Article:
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Thu August 16, 2012
Tracking Death Helps Chronicle Lives In Deep South
JACKI LYDEN, HOST:
This is TELL ME MORE from NPR News. I'm Jacki Lyden. Michel Martin is away. It's time for a new Wisdom Watch conversation. That's the part of the program where we speak with those who've made a difference through their work.
In many communities, there are elders whose service goes far beyond their job description, be they ministers, teachers or doctors. Traditionally, these are respected members of the community who pass along traditions and insights.
Years ago, in the Jim Crow South, the African-American funeral director held a powerful position, making sure that blacks were treated with dignity in death, even if it had been denied to them in life. Samuel Gaines is one of these people. He's president of the Stone Brothers Funeral Home in Fort Pierce, Florida. I met Mr. Gaines while working on a story about a group of African-American artists there known as the Highwaymen.
Samuel Gaines' family has been in the funeral business for almost a century in Florida, even during the most repressive days of Jim Crow. Mr. Gaines was born in 1938. He looks back fondly on his childhood, despite memories of the Ku Klux Klan marching down the street at night.
SAMUEL GAINES: People have asked: How did it feel to be segregated against? We would simply say we did not know we were segregated. We had everything that we needed. We did not want for anything. We had everything right here. Yes, we would go downtown sometime and see the whites' hands, but it didn't matter. We had teachers that shielded us and prepared us for the outside world.
LYDEN: But the stories his grandfather would tell him of those times were more chilling. It was Samuel Gaines' grandfather who founded the funeral home back in 1932 and his stories of survival were as grim as they were heroic.
GAINES: There was a man by the name of W.B. Minus(ph) and I learned later years that he and my grandfather were instrumental in getting people out of Fort Pierce during a time when they had done something and people were looking for them, the Klan or whoever was looking for them, either to beat them up or to hang them or whatever they were going to do to them. They would get the men and they would put them in a casket or a box they put on the train and the train would be sent - it would go to Jacksonville. And then, when they get to Jacksonville, a man by the name of Hillman, funeral director Hillman, would take them off the train and, therefore, that's how they got people out of town.
LYDEN: Samuel Gaines lived on one side of the town's divide of U.S. Highway One, the black side, and white people lived on the other side. That's where Jean Ellen Wilson was born six years before Samuel Gaines. She grew up completely unaware of the ins and outs of the black community, but as she became older, she began to notice things.
JEAN ELLEN WILSON: I was in a restaurant and a very nice looking black man came in and sat down. There was some whispering going on, but the waitress took his order. There was some more whispering and then she brought out his dinner and he took one bite and he got up and he paid his check and he left, and the room burst out in laughter. I was kind of a kid. And what it turned out is they had heavily salted his food. It was that kind of daily humiliation that I started to observe and, to me, it was just unjust.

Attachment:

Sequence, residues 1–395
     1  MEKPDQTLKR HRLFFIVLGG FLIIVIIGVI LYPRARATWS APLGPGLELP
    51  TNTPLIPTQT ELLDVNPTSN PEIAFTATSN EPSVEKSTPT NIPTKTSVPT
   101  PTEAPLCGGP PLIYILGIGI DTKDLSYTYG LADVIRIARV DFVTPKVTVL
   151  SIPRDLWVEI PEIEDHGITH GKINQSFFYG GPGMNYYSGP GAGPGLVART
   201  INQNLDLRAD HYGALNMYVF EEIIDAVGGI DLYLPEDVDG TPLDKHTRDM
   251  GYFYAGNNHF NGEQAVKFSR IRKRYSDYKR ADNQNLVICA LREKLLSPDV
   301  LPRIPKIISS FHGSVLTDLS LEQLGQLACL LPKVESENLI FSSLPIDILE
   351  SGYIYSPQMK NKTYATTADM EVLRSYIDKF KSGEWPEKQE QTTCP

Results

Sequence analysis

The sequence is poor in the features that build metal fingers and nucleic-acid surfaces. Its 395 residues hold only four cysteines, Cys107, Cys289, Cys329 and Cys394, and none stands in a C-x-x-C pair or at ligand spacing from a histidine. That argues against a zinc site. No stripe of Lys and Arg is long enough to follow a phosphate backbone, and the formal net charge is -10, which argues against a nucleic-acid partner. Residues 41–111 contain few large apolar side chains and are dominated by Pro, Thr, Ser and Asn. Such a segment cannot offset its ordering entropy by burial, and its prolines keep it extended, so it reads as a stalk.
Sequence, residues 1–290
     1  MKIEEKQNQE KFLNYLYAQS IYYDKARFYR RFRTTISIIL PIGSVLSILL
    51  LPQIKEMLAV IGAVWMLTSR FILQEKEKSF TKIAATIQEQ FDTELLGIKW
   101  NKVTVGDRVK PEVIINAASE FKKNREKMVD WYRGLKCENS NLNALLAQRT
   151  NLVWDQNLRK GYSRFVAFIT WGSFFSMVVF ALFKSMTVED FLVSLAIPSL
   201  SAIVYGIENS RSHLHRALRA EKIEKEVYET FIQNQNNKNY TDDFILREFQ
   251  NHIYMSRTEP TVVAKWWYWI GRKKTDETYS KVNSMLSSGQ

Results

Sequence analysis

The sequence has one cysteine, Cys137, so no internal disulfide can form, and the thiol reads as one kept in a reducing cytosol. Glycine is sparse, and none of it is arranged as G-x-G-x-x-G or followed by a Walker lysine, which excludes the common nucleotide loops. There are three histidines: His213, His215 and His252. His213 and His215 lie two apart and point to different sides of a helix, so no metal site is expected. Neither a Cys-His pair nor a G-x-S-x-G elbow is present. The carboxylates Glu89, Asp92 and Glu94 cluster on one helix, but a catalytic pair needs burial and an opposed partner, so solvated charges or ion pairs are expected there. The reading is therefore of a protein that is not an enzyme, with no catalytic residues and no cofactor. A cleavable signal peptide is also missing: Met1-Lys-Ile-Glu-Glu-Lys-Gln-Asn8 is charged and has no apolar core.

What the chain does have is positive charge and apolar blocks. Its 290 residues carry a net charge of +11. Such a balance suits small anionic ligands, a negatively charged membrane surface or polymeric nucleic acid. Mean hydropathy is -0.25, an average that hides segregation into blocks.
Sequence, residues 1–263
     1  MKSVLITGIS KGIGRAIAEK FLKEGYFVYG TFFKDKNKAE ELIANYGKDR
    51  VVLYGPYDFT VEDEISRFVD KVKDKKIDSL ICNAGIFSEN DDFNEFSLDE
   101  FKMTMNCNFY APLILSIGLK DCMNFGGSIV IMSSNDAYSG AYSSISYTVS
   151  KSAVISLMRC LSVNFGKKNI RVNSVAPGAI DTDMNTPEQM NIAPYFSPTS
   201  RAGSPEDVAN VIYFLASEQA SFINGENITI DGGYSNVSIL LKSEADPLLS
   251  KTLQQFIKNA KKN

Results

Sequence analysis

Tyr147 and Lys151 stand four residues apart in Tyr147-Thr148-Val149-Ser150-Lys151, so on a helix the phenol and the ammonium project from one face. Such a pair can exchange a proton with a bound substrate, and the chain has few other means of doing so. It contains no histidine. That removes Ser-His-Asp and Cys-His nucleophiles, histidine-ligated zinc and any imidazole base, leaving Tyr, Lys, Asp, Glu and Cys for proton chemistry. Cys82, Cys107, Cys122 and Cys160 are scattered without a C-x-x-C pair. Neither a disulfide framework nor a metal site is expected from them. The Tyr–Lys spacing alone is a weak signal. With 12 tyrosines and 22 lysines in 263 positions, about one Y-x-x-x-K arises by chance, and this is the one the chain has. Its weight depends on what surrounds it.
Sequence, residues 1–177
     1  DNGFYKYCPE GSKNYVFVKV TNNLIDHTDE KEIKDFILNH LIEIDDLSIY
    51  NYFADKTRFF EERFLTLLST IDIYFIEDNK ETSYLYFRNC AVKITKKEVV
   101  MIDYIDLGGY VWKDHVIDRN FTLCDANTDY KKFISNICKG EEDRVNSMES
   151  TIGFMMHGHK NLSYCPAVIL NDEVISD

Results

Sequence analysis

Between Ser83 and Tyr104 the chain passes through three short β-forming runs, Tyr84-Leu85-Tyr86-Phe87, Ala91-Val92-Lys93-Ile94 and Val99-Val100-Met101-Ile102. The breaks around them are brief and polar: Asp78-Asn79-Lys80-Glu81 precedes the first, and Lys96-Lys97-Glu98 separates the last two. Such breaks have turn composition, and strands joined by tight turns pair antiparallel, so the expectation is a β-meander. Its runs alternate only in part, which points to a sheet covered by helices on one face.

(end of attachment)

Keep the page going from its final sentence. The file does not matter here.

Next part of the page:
LYDEN: Yet it was a more tragic story that brought the unlikely pairing of Jean Ellen Wilson and Samuel Gaines together.
WILSON: There was this man named Estes Wright. In 1935, he was beaten to death by a white man and it was all covered up and it was something that a couple of people saw, witnessed. Where Sam comes in is, years later, his sons would come over to the funeral home and go through all the records to try to find something about his death because there was nothing about it. There was no death certificate. There was no grave. And, also, Sam, didn't they come to the funeral home and try to find something?
GAINES: Yes. They came to the funeral home, but I knew all of them and we would go page by page because we knew that my grandfather had to have buried him. But it was through your efforts that you found the death certificate and, on the death certificate, it had my grandfather's signature, which meant that they had been told there would be nothing said, no records kept and, therefore, that's the only record that I've never been able to find in my records from 1932 up until this time. It's nowhere found, so that was one of the things that they wanted to keep quiet, so that's how things were done.
LYDEN: Mr. Gaines, does it list on your grandfather's record of Estes Wright's murder...
GAINES: No, no, no.
LYDEN: ...the cause of death?
GAINES: Nothing. Nothing can be found in any of the records.
LYDEN: I see.
WILSON: The way we found it was from the state.
LYDEN: The records that you have, Mr. Gaines, really interested me. You have had some very prominent people looking for their past in the records you keep at your funeral home, including Mrs. Jesse Jackson, Sr.
GAINES: Jacqueline Jackson.
LYDEN: Could you tell us about her visit to you, please?